I may be a bit nostalgic with this title given that it was the very first console game that I ever owned, but Ocarina of Time is generally ranked as the best video game ever produced. Two decades after it’s release, some of the groundbreaking features and innovations are still permeating and influencing games released today. Target-locking and context-sensative buttons, both features that are quite ubiquitous in most action/adventure titles today were both introduced in Ocarina of Time. The story, open world environment, and character development were all also revolutionary for the time and the game engine pushed the envelope of what the Nintendo 64 was capable of handling. Not only has this title single handedly shaped the themes, stories, characters and tropes of all subsequent entries in the Zelda series, it gave Nintendo a franchise not containing the word’s ‘Super’ or ‘Mario’ in the title to be able to market as a flagship for future consoles. The 3D, open world is one of the single greatest influences on the video gaming world, while the prevalence of the Ocarina instrument that Link uses led to a cult popularity for the artistry of Ocarina music in the early 2000s.
4.) Halo 2 (2004)
In almost all Sci-Fi trilogies, the second entry is always the best entry. Same goes for Bungie’s original Halo trilogy. Despite being a first person shoot-em up, there’s surprisingly well thought out character and story development with a great soundtrack to boot. Halo 2 marks the introduction of the Arbiter, a 26th century leader of the alien Elite species leading the Elites in rebellion against the Covenant’s theocratic leaders and eventually joining Master Chief and the UNSC (a unified government of all human planets and colonies) in order to thwart a common enemy in Gravemind and the Flood. There are beautifully imagined battles, like the Covenant siege of the UNSC capital New Mombasa, Kenya Province. The game also builds on the previous entry, as the Elites, Covenant, Flood and UNSC compete for dominance in the Milky Way galaxy while seeking the elusive Ark that can control the ancient Halo installations, which are the eponymous planetary sized weapons of mass destruction that grant the controllers power over the cosmos. Also, like most great second entries in sci-fi trilogies, there’s a surprising cliffhanger that leaves the player clamoring for Halo 3.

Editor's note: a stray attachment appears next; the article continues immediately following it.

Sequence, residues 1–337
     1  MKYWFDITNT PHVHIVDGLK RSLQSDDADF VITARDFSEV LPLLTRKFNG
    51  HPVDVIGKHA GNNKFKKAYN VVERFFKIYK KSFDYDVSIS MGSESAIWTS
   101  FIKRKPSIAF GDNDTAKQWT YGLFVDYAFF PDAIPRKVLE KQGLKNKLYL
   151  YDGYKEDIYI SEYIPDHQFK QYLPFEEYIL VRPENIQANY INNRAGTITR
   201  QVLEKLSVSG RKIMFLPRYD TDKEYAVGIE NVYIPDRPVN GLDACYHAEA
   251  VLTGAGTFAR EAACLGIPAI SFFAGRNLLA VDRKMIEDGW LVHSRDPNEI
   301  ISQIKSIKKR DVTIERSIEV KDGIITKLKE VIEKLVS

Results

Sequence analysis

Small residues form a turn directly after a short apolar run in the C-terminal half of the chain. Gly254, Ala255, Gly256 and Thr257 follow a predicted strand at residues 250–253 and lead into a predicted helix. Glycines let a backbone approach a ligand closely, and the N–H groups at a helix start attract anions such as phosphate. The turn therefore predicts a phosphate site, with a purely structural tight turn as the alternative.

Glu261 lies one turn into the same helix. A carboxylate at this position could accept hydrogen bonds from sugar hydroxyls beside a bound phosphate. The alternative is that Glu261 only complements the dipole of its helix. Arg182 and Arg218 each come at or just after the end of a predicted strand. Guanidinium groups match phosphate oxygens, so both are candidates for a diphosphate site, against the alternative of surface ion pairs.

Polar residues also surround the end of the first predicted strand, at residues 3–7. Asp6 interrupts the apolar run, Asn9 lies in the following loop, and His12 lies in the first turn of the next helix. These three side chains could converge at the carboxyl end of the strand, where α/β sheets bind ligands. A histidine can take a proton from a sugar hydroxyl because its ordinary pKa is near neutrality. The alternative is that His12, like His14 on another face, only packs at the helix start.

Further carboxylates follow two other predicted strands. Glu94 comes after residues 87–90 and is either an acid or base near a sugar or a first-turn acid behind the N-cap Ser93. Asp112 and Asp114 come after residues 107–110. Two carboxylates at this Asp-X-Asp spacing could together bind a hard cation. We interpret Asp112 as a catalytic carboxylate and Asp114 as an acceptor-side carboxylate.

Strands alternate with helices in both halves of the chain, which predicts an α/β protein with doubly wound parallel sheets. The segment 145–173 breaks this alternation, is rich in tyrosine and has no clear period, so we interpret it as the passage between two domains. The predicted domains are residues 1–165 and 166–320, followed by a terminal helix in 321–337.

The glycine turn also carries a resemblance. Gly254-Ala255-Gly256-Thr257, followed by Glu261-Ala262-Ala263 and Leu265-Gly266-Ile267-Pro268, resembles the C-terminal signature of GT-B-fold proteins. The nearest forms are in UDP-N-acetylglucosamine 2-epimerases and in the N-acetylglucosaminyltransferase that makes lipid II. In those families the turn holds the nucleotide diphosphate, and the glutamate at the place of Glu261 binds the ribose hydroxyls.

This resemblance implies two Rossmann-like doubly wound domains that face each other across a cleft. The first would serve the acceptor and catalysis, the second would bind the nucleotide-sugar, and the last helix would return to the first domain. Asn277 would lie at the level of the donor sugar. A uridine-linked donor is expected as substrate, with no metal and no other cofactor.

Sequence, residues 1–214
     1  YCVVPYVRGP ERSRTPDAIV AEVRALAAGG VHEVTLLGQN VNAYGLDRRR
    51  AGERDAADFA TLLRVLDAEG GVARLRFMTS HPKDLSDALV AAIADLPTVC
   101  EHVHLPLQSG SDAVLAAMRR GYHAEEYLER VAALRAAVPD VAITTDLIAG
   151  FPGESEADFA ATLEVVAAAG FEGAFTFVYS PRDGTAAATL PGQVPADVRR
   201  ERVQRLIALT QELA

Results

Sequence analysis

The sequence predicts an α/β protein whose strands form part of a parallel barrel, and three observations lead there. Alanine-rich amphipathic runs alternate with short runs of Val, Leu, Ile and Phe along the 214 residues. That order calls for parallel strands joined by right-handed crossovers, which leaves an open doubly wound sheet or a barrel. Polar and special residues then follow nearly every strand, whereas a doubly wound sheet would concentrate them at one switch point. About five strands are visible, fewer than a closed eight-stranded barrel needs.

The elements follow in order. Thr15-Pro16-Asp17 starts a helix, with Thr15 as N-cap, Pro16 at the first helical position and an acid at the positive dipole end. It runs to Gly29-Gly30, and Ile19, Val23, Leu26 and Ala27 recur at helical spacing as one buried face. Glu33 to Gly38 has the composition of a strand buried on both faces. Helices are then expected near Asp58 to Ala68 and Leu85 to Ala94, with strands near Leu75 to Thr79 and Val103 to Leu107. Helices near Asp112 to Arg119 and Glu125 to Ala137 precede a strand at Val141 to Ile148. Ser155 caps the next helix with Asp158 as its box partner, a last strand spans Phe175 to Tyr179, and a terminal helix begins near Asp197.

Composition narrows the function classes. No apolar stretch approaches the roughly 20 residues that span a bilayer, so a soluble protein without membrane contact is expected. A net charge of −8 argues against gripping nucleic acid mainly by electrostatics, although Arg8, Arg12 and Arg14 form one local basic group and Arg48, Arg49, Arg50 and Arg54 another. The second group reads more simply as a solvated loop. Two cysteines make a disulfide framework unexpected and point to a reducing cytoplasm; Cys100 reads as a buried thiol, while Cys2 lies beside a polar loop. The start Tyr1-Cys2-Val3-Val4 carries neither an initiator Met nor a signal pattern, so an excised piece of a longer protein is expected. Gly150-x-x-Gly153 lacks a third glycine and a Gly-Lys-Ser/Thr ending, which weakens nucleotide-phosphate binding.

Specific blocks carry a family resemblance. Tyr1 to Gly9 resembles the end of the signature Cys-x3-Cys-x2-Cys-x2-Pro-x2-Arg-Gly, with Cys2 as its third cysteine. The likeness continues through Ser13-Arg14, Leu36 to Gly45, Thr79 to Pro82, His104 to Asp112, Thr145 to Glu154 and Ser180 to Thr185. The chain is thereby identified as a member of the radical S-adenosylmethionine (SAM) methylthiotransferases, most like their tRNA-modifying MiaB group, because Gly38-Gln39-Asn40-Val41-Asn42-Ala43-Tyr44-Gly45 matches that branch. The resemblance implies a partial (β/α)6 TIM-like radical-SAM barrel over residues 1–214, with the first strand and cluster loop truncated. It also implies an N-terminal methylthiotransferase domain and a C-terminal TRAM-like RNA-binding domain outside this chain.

5.) NBA Jam (1993)
While definitely more of a throwback to the era of arcade style games, NBA Jam was one of the most influential video games in the sporting genre. Playing 2v2 basketball with rosters from the 1992-1993 NBA season, they conspicously did not have Michael Jordan in the game, but it was still almost unfair to play with that vaunted Bulls roster since Scottie Pippen and Horace Grant were about as dominant as Utah’s Karl Malone and John Stockton in this game. Many popular sporting phrases originated from NBA Jam, with terms like “He’s On Fire”, “Heating Up”, “Boom Shaka Laka”, “Razzle Dazzle”, “From Downtown” and my personal favorite, “He’s got his degree from dunking on U”. Indeed, NBA Jam may be the video game that has contributed the most to sporting lexicon. Also, it was chalk full of easter eggs and hidden cheat codes. By entering the right initials or pressing the right button combination, you could unlock secret game modes like the slippery floor mode, a full separate battle tank game, or a slew of hidden characters to play with, including then president Bill Clinton, then first lady Hillary Clinton, funk musician George Clinton, the late Beastie Boys frontman Adam Yauch, the longtime Crowned Prince of England Charles, Mortal Kombat’s Reptile, the game’s play-by-play announcer Marv Albert, the mysterious young boy Air Dog, WNBA legend Carol Blazejowski, the annoying Toasty guy from Mortal Kombat (in reality a game developer for both NBA Jam and Mortal Kombat named Dan Forden), or team specific unlockable characters like Benny the Bull mascot for Chicago, then Bronco’s QB John Elway for the Denver Nuggets, or Will Smith’s Fresh Prince of Bel Air character for the Philadelphia 76ers. Truly an arcade style favorite that grew the success of the inhome video game console.